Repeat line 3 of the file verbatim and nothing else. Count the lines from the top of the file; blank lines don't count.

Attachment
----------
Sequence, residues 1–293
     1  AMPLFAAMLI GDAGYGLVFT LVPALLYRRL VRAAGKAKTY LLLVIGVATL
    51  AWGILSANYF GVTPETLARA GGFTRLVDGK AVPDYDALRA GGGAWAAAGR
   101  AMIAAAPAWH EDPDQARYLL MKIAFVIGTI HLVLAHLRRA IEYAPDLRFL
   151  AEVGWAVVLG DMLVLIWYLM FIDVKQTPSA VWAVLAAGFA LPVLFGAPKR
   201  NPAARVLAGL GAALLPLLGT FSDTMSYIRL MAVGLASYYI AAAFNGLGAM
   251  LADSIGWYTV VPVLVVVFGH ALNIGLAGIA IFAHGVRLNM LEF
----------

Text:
    51  AWGILSANYF GVTPETLARA GGFTRLVDGK AVPDYDALRA GGGAWAAAGR